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A Game of Sorrows Paperback – 2 Sep 2010


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A Game of Sorrows + Crucible (Alexander Seaton 3) + The Redemption of Alexander Seaton
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Product details

  • Paperback: 352 pages
  • Publisher: Quercus (2 Sept. 2010)
  • Language: English
  • ISBN-10: 1849162441
  • ISBN-13: 978-1849162449
  • Product Dimensions: 13.2 x 2.9 x 19.8 cm
  • Average Customer Review: 4.2 out of 5 stars  See all reviews (30 customer reviews)
  • Amazon Bestsellers Rank: 87,496 in Books (See Top 100 in Books)

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Review

'A fine, rich, beautiful historical thriller - literate, engaging and moving' Manda Scott.

'MacLean has the first-rate historical novelist's gift... communicates her passion for the period without downplaying its brutishness' Daily Telegraph.

'A substantial story, well researched, never slackening pace' Scotsman.

'Combines the ironclad plotting of Sansom with the artful recreation of Mantel' Independent.

From the Back Cover

It is 1628, Charles I is on the throne, and the British Crown is finally taking control of Ulster. Returning to his rooms one night, Alexander Seaton is shocked to find a stranger standing there - a man who could be his double. His name is Sean O'Neill, and he carries a plea for help from Maeve O'Neill, forbidding matriarch of Alexander's mother's family in Ireland. All those who bear their blood have been placed under a curse - one by one they are going to die. Only Alexander is immune, his O'Neill heritage a secret from all but his closest family. Alexander travels to Ulster, to find himself at the heart of a family divided by secrets and bitter resentments. As he seeks out the author of the curse, he becomes increasingly embroiled in the conflict until - confronted by murder within his own family - his liberty and even his life are at stake.


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Customer Reviews

4.2 out of 5 stars

Most Helpful Customer Reviews

11 of 12 people found the following review helpful By Simon Clarke TOP 1000 REVIEWER on 12 Mar. 2010
Format: Paperback Verified Purchase
The sequel to the author's astonishingly adept debut
novel 'The Redemption of Alexander Seaton' shows
her to be a supreme writer of historical mysteries.
It again features,Alexander Seaton,and is set in
1628.Seaton is lured from his teaching at Aberdeen
University,by his Irish cousin,Sean,to go to Ulster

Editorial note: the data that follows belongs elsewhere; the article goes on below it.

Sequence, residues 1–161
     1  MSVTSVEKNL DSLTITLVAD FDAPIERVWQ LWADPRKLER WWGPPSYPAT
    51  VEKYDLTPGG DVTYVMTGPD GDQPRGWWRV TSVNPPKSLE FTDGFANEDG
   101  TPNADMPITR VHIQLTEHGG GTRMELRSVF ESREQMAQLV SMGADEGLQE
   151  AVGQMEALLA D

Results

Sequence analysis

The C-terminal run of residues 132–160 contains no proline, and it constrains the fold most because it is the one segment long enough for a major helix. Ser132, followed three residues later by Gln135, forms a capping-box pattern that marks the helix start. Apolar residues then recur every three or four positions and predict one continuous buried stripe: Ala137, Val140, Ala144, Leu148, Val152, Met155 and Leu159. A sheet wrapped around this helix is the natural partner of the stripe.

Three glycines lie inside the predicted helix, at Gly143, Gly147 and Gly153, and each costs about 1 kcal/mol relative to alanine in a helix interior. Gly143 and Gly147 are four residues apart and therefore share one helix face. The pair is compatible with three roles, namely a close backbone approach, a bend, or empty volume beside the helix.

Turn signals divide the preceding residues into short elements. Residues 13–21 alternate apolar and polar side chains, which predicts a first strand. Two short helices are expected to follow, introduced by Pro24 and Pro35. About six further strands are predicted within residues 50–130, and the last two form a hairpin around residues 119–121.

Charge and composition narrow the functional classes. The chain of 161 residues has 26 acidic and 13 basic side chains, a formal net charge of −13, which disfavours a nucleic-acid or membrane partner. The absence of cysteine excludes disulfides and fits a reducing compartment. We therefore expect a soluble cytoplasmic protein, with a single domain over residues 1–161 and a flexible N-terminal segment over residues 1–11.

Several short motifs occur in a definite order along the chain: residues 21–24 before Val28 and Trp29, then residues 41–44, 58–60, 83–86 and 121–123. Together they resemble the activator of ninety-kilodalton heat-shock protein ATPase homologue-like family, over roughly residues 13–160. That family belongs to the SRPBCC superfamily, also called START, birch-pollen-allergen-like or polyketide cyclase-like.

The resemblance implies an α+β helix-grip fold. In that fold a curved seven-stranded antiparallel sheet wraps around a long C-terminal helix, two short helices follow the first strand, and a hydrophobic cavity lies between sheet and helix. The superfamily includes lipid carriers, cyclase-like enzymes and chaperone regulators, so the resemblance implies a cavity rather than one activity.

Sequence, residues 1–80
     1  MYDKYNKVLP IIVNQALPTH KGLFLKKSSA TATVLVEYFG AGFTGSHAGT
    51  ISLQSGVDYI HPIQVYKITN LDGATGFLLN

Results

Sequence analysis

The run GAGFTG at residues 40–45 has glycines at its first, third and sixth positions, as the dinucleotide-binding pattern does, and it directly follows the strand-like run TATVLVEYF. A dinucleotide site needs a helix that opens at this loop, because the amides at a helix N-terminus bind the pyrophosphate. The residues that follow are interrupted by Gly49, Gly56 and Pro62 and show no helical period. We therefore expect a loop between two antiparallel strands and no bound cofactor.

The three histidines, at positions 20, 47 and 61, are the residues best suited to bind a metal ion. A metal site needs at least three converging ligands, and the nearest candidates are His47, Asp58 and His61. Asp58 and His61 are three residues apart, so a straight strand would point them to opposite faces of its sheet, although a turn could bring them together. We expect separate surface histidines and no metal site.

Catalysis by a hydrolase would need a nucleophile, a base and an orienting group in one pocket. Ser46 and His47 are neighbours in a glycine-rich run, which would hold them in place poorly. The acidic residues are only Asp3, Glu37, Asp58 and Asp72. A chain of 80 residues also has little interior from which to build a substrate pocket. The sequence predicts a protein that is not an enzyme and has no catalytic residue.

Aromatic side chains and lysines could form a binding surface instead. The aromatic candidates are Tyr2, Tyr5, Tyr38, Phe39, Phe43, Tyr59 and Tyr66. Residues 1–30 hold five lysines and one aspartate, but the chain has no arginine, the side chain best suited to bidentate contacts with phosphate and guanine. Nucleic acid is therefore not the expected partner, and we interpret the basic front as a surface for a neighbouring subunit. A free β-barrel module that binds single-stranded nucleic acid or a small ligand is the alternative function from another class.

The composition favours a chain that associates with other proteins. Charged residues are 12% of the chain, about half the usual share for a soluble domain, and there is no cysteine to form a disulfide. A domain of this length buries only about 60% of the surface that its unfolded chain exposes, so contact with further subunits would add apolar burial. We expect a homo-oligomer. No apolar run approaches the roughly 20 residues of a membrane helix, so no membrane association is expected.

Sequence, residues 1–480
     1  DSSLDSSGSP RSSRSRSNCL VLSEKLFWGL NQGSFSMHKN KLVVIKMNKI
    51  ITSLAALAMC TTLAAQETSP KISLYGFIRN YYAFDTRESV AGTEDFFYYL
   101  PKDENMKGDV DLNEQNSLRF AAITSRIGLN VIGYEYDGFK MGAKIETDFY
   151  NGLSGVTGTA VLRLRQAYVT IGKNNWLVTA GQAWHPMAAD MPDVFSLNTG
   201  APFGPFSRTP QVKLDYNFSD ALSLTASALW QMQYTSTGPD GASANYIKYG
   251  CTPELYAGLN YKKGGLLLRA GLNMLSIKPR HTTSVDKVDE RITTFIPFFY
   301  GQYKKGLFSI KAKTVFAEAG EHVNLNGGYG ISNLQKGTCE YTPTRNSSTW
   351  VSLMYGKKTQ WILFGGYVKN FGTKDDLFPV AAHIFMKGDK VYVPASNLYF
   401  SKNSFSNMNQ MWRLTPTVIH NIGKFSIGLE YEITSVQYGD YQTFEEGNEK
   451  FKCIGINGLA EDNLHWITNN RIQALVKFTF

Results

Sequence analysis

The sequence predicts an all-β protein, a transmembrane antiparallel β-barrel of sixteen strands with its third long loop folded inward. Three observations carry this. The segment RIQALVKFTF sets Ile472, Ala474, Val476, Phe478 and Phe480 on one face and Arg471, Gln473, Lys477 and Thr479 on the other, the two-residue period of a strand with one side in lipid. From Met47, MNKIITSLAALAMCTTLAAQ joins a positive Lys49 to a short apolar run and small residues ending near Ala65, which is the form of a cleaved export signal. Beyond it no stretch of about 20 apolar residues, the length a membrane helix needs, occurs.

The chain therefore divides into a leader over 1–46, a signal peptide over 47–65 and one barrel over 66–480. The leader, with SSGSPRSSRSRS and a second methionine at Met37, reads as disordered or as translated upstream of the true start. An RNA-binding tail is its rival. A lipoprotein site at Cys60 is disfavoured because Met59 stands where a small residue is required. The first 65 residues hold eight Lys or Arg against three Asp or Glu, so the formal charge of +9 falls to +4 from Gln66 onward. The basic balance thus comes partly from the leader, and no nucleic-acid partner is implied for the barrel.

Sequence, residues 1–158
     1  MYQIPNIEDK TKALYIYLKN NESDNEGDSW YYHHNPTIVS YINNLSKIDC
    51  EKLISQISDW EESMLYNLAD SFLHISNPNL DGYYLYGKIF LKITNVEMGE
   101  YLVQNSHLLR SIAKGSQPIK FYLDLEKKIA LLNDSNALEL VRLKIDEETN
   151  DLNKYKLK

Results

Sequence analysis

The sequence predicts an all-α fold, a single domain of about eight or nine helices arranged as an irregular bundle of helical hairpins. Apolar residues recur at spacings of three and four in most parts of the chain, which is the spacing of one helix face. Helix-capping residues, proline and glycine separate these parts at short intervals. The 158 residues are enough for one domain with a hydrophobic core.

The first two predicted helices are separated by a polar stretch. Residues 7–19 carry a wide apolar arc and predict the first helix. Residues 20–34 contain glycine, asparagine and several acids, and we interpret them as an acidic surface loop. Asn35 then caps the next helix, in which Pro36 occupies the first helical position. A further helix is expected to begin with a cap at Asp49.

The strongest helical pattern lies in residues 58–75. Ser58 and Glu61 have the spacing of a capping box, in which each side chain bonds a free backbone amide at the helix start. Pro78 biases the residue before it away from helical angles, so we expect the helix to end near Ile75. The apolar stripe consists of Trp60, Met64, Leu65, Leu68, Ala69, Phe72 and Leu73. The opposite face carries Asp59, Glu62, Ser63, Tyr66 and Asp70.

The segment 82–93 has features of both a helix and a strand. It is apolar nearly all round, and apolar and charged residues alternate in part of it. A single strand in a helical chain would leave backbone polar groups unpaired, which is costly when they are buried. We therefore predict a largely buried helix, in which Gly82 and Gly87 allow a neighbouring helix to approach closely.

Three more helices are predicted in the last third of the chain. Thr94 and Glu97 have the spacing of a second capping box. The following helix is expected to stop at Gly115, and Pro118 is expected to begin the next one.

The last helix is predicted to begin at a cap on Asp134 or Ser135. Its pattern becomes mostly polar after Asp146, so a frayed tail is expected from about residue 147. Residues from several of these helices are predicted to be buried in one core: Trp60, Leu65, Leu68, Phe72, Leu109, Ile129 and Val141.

to assist his family who have been placed under a
poet's curse.Once there,he finds himself faced with
subterfuge,bigotry, and resentment as he endeavours
to break the curse,which is beginning to come true.
Whilst not containing the immense sense of place
of the first novel,this is a well-written mystery
which enriches the reader's historical knowledge,
and skillfully conveys the brutality and morality
of the time.
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1 of 1 people found the following review helpful By Sou'Wester on 28 Oct. 2011
Format: Paperback Verified Purchase
I came to the first book in this series ("The Redemption of Alexander Seaton") with no great expectations but was pleasantly surprised by a literate historical novel with interesting characters and great atmosphere. Perhaps because expectations were so much higher for this second book there was bound to be a measure of disappointment. Don't get me wrong; this is still a perfectly good book but I don't think it quite measures up to its predecessor. To an extent the author is to be congratulated for not simply churning out a clone of the first novel; for the most part the only character carried over from the original book is Seaton (the narrator) and we also have a complete change of location, from eastern Scotland to Ulster. On the other hand, I rather missed some of the other characters encountered in the first book and would have enjoyed reacquaintance with them and the Banff and Aberdeen locations they inhabited. Instead, we have a whole new cast of characters, mainly relatives of Seaton's on his Irish mother's side. And therein lies one of the difficulties; I found it quite difficult to keep track of all the diverse strands of all these family members. This wasn't made any easier by the complexity of the Ulster population's ethnic make-up at this period and the equally complex range of conflicting loyalties.